“There are always new regulations in our changing space – it is not static. And our clients and prospects naturally need to keep pace. Along the way, there will be continued interest in holistic surveillance, like consolidating all the siloed compliance systems and the associated staff into more of a single system. We focus on the best-in-class products we’ve built, making them even stronger. With AI and ML already within the platform, we can tap into their capabilities in the surveillance space.”
“Many of our early adopters are still our clients, and we have onboarded many more customers across the retail sector. Our goal of being the #1 clienteling platform on Salesforce has been achieved, and innovation continues to be at the core of everything we do. We have expanded our feature set through digital retailing and mPOS to be the best digital retail platform in the Salesforce ecosystem.”
Technology makes it easier and cheaper to scale a business. You can achieve huge economies of scale and greater productivity with less labor if you invest wisely. Contact us to know how Relevant helps companies to scale with technology.
Regardless of the industry, the world of startups and businesses is filled with inspiring and unique stories. Whether you’re a startup founder or just interested in the startup industry, learning from those who paved the way that exists today can be one of the most powerful tools for success.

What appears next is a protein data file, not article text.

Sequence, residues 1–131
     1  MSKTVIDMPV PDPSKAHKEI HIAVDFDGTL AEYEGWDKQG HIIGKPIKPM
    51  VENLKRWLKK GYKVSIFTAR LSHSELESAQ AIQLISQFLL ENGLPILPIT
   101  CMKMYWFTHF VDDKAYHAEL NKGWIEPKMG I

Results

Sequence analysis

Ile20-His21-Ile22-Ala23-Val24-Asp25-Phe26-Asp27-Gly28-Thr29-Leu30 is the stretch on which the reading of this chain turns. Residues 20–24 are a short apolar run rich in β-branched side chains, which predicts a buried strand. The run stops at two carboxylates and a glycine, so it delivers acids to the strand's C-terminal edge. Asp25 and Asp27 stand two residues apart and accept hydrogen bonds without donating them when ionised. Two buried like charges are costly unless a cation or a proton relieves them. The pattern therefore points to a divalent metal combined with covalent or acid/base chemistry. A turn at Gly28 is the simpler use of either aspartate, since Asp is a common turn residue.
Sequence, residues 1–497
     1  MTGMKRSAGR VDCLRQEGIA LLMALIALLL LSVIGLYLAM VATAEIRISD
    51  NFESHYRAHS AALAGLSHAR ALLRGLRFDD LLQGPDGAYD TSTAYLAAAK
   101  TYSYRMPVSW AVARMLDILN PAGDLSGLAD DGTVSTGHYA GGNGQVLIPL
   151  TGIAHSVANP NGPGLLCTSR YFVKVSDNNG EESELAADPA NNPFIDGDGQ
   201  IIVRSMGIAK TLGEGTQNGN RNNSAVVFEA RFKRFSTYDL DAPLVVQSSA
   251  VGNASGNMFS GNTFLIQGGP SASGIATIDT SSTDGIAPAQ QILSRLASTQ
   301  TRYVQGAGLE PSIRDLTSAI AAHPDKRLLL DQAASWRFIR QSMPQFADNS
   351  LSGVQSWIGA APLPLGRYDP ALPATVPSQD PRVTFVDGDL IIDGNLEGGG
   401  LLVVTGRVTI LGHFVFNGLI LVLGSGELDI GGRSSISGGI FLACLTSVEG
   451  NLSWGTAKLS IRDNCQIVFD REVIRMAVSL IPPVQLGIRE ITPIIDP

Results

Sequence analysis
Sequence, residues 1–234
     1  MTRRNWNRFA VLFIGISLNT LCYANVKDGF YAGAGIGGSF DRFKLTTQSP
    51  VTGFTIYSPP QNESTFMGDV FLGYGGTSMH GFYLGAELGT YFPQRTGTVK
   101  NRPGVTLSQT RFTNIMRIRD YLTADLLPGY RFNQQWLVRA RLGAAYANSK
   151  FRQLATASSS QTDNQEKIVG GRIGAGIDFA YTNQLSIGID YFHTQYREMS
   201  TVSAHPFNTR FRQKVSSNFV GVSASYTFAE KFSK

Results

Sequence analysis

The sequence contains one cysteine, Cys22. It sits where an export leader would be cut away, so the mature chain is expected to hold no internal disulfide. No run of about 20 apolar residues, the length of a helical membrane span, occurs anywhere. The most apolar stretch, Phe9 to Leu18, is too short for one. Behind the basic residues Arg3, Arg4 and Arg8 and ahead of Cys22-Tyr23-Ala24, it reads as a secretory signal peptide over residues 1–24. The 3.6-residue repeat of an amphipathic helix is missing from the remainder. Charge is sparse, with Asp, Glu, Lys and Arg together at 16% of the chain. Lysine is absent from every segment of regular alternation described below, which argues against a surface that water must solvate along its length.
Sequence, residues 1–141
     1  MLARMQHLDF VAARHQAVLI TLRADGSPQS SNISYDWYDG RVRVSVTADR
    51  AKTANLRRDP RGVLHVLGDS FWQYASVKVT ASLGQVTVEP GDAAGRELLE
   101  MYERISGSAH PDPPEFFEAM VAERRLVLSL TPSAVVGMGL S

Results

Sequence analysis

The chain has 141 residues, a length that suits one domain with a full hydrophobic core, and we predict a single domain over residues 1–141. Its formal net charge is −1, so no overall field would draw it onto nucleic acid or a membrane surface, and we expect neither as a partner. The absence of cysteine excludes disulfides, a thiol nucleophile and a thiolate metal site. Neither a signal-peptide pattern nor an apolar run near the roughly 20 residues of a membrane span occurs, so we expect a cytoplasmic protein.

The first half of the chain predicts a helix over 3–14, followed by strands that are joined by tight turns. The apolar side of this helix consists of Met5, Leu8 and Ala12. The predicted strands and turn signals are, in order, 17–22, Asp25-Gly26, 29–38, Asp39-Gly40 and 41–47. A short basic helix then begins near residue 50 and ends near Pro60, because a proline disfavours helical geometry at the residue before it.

“There’s no shortage of advice, but the advice is always contextual. People often advise with a high degree of confidence, but every situation is unique. My second tip is about commitment. Startups are a long game. To build something meaningful, you should be committed for 5-10 years.”
“Look at the market and identify your competitors in that vertical space. You must take this into account. But I would also look into what integrations are needed to get your solution up and running. For example, it’s convenient to have a turnkey solution that doesn’t require a bunch of integrations and professional services to work around it. As a customer, you can sign up, and it’s up and running; you might have a few setup bits to do and to configure a few things to match your business. But essentially, you’re up and running in a couple of hours.”
“The first tip is to be prepared to invest your time in your team. Like Arjun Shivraj, the Head of our India Operations, recently reminded me, “You can teach skills but can’t teach a good attitude.” Therefore, it is very important to determine from the very beginning whether the person corresponds to your corporate culture and whether they have the right fit.
You have to empower good engineers; they have to feel responsible and equally accountable. Be patient because the payoffs can be huge if you do it right.”
If you take away only one thing from this article, let it be this: believe in yourself and seize the opportunity as soon as you see it, as our guest speakers did.